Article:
A Guidance document was issued in 2012 on standardised test guidelines for evaluating chemicals for endocrine disruption (see document No. 150 published in the Series on Testing and Assessment).
The objective of the Guidance Document is to provide guidance on how to interpret the outcome of individual tests and how to increase evidence on whether or not a substance may be an endocrine disrupter. However, testing strategies or guidance on interpretation from a suite of tests are not given.
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The general approach taken by the document is primarily:
- to provide guidance on how test results might be interpreted in the light of data that may already be available from other in vitro or in vivo assays. The key questions addressed concern likely mechanisms of endocrine action and any resulting apical effects that can be attributed to such action.
- to provide advice on the next step in testing (if any) which might be appropriate for a regulatory authority to take, given the various data scenarios.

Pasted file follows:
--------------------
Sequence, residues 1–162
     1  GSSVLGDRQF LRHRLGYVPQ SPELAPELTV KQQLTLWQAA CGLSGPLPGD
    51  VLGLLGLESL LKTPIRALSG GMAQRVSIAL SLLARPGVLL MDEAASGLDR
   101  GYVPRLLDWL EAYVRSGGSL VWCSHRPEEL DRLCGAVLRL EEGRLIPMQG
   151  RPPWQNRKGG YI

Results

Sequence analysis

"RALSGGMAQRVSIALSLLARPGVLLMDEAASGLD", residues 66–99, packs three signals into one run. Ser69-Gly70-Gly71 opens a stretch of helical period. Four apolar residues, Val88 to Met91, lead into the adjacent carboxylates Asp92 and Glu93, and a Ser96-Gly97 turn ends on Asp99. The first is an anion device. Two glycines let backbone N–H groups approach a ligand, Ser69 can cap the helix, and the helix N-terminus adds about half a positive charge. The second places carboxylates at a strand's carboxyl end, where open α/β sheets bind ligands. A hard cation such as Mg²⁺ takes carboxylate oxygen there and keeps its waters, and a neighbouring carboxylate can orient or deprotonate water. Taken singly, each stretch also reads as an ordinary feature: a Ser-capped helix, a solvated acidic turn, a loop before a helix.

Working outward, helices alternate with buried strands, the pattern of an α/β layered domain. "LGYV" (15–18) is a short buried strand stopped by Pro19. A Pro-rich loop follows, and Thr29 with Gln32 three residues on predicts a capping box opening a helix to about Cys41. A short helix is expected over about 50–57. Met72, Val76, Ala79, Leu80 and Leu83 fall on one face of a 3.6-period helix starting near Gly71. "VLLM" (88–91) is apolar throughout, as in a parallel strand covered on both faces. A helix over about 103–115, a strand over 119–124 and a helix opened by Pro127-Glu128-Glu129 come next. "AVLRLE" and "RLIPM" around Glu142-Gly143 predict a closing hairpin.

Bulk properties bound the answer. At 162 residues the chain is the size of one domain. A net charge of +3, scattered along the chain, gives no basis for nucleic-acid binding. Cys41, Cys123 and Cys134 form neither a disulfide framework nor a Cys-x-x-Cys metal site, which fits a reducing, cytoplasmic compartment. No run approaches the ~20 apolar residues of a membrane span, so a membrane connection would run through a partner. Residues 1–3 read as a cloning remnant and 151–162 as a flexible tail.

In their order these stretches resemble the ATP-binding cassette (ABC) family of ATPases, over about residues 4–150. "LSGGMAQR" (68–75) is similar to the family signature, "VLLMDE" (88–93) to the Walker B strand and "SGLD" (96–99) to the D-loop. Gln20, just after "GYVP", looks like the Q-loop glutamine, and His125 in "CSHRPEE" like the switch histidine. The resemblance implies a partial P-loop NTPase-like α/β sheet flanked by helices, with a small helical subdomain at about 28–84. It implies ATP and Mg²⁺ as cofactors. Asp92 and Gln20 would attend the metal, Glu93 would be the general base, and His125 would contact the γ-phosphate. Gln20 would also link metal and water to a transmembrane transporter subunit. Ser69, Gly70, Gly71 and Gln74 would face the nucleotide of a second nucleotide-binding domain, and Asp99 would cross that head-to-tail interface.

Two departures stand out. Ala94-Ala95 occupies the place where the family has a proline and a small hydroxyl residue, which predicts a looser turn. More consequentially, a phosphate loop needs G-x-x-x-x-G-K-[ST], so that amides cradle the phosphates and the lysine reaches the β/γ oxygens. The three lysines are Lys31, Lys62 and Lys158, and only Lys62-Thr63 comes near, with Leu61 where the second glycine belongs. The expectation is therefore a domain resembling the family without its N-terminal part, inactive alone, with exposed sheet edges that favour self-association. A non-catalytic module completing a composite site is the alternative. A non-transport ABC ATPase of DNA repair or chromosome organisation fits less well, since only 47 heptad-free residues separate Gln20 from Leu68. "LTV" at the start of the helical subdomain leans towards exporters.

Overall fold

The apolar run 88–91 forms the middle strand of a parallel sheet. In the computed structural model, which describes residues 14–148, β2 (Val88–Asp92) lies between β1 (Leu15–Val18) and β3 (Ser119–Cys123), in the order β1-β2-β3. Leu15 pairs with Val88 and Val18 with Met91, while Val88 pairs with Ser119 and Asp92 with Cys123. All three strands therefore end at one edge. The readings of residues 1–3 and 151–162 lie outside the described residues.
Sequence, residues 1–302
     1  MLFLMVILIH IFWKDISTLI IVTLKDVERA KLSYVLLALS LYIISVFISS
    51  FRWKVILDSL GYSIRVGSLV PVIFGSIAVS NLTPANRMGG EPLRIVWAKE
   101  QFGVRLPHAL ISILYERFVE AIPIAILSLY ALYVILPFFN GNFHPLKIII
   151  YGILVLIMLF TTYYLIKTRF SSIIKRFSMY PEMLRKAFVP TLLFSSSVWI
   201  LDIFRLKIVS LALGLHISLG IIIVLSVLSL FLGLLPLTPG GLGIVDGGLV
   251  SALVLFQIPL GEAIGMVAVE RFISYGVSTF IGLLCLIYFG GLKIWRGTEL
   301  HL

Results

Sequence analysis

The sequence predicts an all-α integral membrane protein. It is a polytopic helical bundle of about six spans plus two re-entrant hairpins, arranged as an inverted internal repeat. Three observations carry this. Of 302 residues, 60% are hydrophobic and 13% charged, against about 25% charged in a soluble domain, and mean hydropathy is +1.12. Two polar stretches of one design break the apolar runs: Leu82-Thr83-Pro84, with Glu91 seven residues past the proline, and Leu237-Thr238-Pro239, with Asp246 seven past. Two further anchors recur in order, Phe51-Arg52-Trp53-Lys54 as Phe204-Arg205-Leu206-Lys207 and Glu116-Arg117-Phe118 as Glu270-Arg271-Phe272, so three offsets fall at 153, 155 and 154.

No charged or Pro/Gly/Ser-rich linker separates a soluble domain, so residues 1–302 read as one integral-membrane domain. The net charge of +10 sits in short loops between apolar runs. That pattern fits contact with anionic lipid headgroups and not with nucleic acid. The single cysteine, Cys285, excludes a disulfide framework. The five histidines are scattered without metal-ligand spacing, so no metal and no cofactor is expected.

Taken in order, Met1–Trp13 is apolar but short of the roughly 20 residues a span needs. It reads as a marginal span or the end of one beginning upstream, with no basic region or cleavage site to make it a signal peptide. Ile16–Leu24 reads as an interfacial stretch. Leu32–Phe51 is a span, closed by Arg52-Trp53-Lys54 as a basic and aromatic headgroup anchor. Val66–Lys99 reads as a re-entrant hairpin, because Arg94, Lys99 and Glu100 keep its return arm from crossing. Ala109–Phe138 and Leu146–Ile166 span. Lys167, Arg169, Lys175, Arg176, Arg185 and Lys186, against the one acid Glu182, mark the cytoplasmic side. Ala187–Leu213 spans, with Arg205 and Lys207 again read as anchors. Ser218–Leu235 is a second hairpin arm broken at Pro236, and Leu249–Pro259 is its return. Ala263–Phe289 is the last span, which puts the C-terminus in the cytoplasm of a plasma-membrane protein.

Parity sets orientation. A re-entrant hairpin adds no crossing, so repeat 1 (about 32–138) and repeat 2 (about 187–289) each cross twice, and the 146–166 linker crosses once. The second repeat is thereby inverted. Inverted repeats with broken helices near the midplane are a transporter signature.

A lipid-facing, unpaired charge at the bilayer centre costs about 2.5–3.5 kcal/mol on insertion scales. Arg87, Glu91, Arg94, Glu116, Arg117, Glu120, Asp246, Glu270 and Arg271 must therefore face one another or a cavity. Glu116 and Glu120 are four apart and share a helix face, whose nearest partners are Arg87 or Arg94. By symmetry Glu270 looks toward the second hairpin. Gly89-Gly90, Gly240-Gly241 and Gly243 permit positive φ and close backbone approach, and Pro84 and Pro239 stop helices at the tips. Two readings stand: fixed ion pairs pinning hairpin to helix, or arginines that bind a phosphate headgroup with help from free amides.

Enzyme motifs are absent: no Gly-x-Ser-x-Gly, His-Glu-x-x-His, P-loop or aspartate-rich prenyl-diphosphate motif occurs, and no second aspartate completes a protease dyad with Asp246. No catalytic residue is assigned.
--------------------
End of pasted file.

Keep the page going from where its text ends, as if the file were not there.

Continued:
The GD only covers the same endocrine modalities as the Conceptual Framework i.e.:
- Estrogen receptor mediated
- Androgen receptor mediated
- Thyroid hormone mediated
- Steroidogenesis interference
For each standardised assay, the guidance document provides:
- a background to the assay,
- a table including:
The OECD Test Guidelines Programme has been active for several years in the area of endocrine disrupters testing and assessment.
This guidance document was developed as a follow-up to the workshop on OECD countries’ activities regarding testing, assessment and management of endocrine disrupters, which was held in Copenhagen (Denmark) on 22-24 September 2010 (see document No. 118 published in the Series on Testing and Assessment). The guidance document was developed by two consultants in close cooperation with an advisory group on testing and assessment of endocrine disrupters (EDTA AG). The guidance document was approved by the Working Group of the National Coordinators of the Test Guidelines Programme, representing regulatory authorities. It is published in the OECD Series on Testing and Assessment, which is a collection of guidance documents, review papers, analytical reports and workshop reports on chemical testing and non-testing methods and hazard assessment. These publications are part of the OECD work on chemical safety.
A series of case studies on example chemicals has also been published (see document No.181 published in the Series on Testing and Assessment) to illustrate how the guidance can be applied using concrete cases.